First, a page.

How to set goals
Now that you know why you should set goals and the different types of goals, it’s time to talk about how you set goals.
Like him or not. Dwayne Johnson is right about this part. When setting goals there are a couple of things that you should have in mind. One of them is knowing what it means to achieve them. Here are a couple of guidelines to follow.
First, they should be specific. This might seem like a no brainer but you’d be surprised how many goals are too unspecific. The benefit of being specific is that it gives you a clear path of how to accomplish the goal. It also makes it easier to know when you’ve succeeded and when you’ve failed. A goal like ”I want to get stronger in my lifts” might seem specific. But what lifts are we talking about and how are we defining stronger? Is it 1kg in every lift, is it a 20kg increase total? Be more specific! Set a goal like ”I want to increase my bench press 1rm with 10kg” you’ll have a much easier time knowing when you’ve succeeded.
Secondly, goals should be realistic. If the goal is unachievable why even try? Sure you might be motivated to try hard the first week, maybe even the first month. After that, you’re going to realize that you’ve taken water over your head and your motivation will dwindle. Set a goal that you can achieve. That said, they should still be challenging. Research has shown that challenging goals are more motivating than unchallenging goalBut there’s an important caveat. Don’t overestimate your ability. Let’s say your room is a bit dirty and you want to make it cleaner. You set a goal to clean 10 minutes a day. That might not sound like much but when was the last time you cleaned? If the answer is more than 1 month ago, cleaning 10 minutes a day is quite a step up from baseline. Start out easy, set a goal like cleaning 20 minutes a week for 1 month. When you’re done, evaluate. If you think it went well, you can start thinking about increasing your cleaning time.
Thirdly, they should be timebound. If you’ve taken the time to set a goal, it’s probably something that you care about or something that you want to achieve. If so, why take longer than you have to? By making a goal timebound you prevent yourself from slacking off. At the same time, you’re making sure that you will do it as soon as possible. It also makes it easier to know if you’ve succeeded or failed. By not setting a deadline, you could be pushing for the goal forever while telling yourself, next year I’ll get it. Maybe there’s a reason why you keep failing. There might be something that’s holding back, keeping you from achieving the goal. By making it timebound you avoid that. It also gives you a set time to evaluate. By evaluating you can become aware of what’s keeping you from achieving the goals. You also identify what helped you. But more on that later.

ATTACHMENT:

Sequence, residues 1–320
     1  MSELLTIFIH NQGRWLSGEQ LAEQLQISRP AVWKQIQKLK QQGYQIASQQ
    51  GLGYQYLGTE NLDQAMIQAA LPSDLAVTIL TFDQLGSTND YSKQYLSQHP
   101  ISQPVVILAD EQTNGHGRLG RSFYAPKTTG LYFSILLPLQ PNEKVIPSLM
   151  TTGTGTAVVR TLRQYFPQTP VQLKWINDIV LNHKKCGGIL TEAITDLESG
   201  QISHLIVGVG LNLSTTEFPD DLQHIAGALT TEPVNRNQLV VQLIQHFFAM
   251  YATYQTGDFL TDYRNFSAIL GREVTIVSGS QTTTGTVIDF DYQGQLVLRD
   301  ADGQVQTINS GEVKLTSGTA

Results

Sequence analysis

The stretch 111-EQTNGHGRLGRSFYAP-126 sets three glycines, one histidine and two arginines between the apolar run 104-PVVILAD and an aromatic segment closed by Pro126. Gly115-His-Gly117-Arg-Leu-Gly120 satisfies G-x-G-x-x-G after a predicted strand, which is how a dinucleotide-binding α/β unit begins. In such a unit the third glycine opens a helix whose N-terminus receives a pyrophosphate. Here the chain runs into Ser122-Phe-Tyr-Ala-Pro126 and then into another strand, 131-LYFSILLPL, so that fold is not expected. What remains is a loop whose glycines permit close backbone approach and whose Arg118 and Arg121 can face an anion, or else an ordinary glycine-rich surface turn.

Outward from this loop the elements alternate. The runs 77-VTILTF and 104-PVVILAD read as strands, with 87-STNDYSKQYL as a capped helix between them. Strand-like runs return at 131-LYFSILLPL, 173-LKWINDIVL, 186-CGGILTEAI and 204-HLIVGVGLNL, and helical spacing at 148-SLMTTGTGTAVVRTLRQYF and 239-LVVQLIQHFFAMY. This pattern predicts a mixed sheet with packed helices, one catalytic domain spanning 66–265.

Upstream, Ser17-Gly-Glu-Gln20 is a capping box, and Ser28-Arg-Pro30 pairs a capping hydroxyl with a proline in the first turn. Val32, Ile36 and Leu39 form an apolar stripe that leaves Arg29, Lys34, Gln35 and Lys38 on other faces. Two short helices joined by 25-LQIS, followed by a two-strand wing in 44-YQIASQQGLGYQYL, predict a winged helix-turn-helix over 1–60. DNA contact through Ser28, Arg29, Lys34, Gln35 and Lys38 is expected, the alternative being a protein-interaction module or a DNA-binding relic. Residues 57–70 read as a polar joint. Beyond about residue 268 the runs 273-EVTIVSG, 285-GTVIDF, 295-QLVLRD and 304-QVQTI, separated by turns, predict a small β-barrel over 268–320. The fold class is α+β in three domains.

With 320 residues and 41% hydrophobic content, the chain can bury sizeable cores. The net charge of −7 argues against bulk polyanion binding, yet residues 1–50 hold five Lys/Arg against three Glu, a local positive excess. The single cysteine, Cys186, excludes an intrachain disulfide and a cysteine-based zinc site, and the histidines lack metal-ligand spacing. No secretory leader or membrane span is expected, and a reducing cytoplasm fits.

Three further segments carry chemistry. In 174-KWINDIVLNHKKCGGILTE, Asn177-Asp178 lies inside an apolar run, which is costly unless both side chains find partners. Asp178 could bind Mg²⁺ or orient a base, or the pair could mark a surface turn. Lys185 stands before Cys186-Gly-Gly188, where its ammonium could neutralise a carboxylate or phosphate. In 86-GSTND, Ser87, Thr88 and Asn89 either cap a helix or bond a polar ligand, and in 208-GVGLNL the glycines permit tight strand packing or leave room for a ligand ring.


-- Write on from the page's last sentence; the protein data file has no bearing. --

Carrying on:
Fourthly the goal should be thought-through. Do you have the resources to make it happen, is it relevant for what you want? Those are questions that you need to ask yourself when setting goals. But what does that mean? To make it more concrete, do you have the time, money, equipment and will to achieve your goal? If it’s relevant can be trickier to answer and harder to know. Start by thinking about why you’re setting the goal. When you’ve identified that, think about if the goal will help you with that. I know it’s still a bit fuzzy. Let me give you an example. Say you want to increase your bench and you want to set a goal that will help your bench. Stability is important when benching but is a bozu-ball bench press or banded kettlebell bench press going to improve your bench press? Sure it might improve your stability but do you need that much stability to bench press? Probably not. You could have spent that time getting better at benching or trying to improve your leg drive.
Okay, now you know the basics of goal setting. But, there are a couple of other things that you should have in mind when setting goals.
- Keep yourself reminded of the goal. This might seem weird but when you set multiple goals and some of them are long term, it’s easy to forget about them. By putting a note on the fridge, circling your calendar or changing your screensaver, you avoid forgetting your goals. At the same time, you’re keeping your motivation high.
- Think about holding yourself accountable. You can do this in many ways, by telling your friends, posting on social media, entering a competition and so on. By holding yourself accountable, failing will become more uncomfortable. This can lead to you trying harder. That said it’s not a must. If you don’t want to tell anybody or enter a competition that’s fine, but it’s something to keep in mind.